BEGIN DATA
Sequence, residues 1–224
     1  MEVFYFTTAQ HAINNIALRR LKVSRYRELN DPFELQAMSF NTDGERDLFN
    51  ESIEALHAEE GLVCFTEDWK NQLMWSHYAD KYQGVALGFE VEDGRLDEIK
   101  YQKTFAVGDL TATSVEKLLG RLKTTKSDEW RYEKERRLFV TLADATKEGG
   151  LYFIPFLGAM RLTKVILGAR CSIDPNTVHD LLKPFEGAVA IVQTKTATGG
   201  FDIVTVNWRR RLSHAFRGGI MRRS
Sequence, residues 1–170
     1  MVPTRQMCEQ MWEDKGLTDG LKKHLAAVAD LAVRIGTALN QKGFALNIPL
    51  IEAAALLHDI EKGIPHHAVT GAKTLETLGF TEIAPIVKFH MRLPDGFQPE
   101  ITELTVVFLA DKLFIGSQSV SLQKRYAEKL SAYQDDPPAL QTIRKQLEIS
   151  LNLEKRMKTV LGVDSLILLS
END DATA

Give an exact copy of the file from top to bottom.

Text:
Sequence, residues 1–224
     1  MEVFYFTTAQ HAINNIALRR LKVSRYRELN DPFELQAMSF NTDGERDLFN
    51  ESIEALHAEE GLVCFTEDWK NQLMWSHYAD KYQGVALGFE VEDGRLDEIK
   101  YQKTFAVGDL TATSVEKLLG RLKTTKSDEW RYEKERRLFV TLADATKEGG
   151  LYFIPFLGAM RLTKVILGAR CSIDPNTVHD LLKPFEGAVA IVQTKTATGG
   201  FDIVTVNWRR RLSHAFRGGI MRRS
Sequence, residues 1–170
     1  MVPTRQMCEQ MWEDKGLTDG LKKHLAAVAD LAVRIGTALN QKGFALNIPL
    51  IEAAALLHDI EKGIPHHAVT GAKTLETLGF TEIAPIVKFH MRLPDGFQPE
   101  ITELTVVFLA DKLFIGSQSV SLQKRYAEKL SAYQDDPPAL QTIRKQLEIS
   151  LNLEKRMKTV LGVDSLILLS